Love your neighbor as you love yourself.
As much as we are driven by our animal, base instincts we are also called by the grace of our Creator. Yes, we must overcome our instinct to hate, to respond in kind. But we are also reflection of a brighter light.
Hillel’s response to the potential convert (“that which is hateful…”) suggests that the Torah commandment is fraught with emotional and practical difficulties. After all, he restates the Torah command but in the negative. He knows man’s tendency is to care more about himself than others – adam karov le’atzmo. That is the rabbinic, halachic position. “Your life takes precedence over your fellow man’s.” It must be thus. For how can we truly love another if we do not love ourselves first? And yet, the Torah obligates us to love our fellow man as ourselves.
Seems impossible. Yet it cannot be impossible. For the Torah would not instruct us to do something beyond our capabilities.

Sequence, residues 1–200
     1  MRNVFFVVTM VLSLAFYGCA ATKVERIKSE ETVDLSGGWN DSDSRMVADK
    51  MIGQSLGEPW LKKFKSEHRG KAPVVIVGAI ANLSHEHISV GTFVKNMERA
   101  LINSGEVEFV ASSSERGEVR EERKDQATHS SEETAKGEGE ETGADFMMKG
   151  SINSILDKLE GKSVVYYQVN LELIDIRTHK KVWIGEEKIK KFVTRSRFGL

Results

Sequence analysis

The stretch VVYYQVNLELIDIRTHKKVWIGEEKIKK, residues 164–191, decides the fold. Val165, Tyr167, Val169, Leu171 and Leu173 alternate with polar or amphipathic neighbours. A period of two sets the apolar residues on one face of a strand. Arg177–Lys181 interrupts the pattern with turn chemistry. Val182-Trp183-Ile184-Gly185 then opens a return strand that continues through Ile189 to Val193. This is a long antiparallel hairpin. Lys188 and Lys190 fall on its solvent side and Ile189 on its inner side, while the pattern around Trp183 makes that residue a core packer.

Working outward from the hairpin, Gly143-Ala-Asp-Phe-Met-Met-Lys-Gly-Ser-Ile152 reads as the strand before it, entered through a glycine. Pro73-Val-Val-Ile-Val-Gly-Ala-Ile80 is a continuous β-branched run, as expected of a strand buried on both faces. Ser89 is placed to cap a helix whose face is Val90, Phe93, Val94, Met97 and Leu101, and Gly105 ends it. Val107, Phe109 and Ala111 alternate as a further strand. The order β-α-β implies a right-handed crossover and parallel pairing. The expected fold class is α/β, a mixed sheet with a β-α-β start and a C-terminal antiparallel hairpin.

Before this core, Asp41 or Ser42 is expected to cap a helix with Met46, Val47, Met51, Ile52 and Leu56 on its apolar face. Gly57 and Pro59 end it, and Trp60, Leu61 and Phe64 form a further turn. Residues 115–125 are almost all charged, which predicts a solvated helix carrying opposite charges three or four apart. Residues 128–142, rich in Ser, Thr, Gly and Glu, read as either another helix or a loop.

Ramban suggests that the phrase, “love thy neighbor as thyself…”, is not meant literally, “…since man cannot be expected to love his neighbor as his own soul. Rabbi Akiva himself ruled the contrary, that ‘your life takes precedence over your fellow man’s.’”
He suggests – based on the letter lamed in the word lereacha – that the phrase means love for your neighbor; that the Torah is teaching that “we should wish our neighbor to enjoy the same that we wish for ourselves.”
Ibn Ezra likewise explains that the Torah intends one to like what is good for one’s friend the way one likes it for one’s self. That was likely Onkelos’ view when he translated, “love your neighbor as yourself…” as, “and you shall have mercy on your friends as you have mercy on yourself.”
Rambam codified the mitzvah of loving your neighbor in precise halachic terms, setting boundaries which are both “realistic” and “achievable”: